Creativity and Collaboration in Financial Literacy Courses

|
Oct 04, 2017
|
NGPF Fellows, Teaching Strategies, Taxes, Featured Teachers, Advertising, Lesson Idea
Guest post from NGPF Fellow, Kayla Bousum of Johnston High School, Iowa: While grading tests covering paystubs and earnings, I noticed that a large proportion of students were still very confused about the differences between a Form W-2 and a Form W-4. I realized then that everything we were doing—a thorough explanation of the forms, showing them the two forms, and filling out a practice W- 4—was not enough to cement in their minds the differences between these two forms....

How to Teach Personal Finance with an Index Card. A Guest Post by Barbara O'Neill.

|
Aug 28, 2017
|
NGPF Fellows, Teaching Strategies, Financial Literacy, Featured Teachers, Behavioral Finance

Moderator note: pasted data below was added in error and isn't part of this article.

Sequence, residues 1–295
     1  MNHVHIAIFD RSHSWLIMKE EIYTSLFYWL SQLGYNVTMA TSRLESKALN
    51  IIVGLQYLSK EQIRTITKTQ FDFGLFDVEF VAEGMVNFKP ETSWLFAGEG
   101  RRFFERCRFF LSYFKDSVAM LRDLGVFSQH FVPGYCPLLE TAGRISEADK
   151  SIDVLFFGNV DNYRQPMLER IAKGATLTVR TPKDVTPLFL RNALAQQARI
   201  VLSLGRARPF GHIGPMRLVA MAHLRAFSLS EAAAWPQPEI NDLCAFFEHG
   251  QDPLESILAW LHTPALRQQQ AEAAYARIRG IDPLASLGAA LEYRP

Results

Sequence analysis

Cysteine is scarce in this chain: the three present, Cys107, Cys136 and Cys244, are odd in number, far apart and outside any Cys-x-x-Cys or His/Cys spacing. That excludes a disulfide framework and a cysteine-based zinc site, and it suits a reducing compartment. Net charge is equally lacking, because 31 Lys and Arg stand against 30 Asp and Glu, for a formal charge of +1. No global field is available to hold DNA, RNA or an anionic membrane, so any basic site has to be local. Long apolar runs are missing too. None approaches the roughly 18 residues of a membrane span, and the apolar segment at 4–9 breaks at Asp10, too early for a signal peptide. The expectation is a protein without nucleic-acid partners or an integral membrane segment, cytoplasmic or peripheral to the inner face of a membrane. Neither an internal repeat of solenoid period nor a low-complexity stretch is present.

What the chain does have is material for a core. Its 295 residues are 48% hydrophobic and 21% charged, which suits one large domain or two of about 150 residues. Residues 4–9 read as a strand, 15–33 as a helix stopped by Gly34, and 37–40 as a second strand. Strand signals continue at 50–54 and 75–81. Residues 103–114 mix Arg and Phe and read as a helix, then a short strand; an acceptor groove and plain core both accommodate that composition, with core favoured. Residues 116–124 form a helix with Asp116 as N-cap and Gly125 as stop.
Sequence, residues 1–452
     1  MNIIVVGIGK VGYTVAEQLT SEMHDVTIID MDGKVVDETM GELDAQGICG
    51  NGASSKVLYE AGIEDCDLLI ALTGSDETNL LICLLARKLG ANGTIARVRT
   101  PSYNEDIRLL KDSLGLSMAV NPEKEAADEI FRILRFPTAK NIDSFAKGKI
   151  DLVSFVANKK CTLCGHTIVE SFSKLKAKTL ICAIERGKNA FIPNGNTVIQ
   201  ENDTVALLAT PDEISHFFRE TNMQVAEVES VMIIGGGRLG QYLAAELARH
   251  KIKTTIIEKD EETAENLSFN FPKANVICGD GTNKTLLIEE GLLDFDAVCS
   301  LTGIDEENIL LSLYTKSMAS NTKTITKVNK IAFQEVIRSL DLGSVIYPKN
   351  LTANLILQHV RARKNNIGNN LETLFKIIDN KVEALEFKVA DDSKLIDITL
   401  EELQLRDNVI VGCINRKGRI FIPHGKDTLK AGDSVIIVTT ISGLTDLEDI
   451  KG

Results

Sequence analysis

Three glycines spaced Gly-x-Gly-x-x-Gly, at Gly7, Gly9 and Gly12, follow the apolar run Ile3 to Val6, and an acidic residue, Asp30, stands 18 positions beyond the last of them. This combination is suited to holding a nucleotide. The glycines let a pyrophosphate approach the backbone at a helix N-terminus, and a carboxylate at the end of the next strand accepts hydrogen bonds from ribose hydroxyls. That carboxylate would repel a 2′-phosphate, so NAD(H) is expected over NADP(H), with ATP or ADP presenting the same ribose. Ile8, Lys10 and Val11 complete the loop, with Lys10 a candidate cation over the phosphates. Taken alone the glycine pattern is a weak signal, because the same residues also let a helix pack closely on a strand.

Barbara O’Neill is an NGPF Fellow and a Distinguished Professor at Rutgers Cooperative Extension in New Jersey. In addition to teaching, Barbara also organizes and facilitates professional development for high school personal finance educators in New Jersey. In August 2017, Barbara facilitated two Financial Education Boot Camps and had educators work through the following Index Card Activity. ------------- Back in March, I wrote a NGPF blog post about my three-month curation of financial...

Teacher Feedback on our Credit Units -- Thanks, Maureen!

|
Jun 01, 2017
|
Credit Cards, Credit Scores, Video Resource, Credit Reports, Featured NGPF Lesson, NGPF Fellows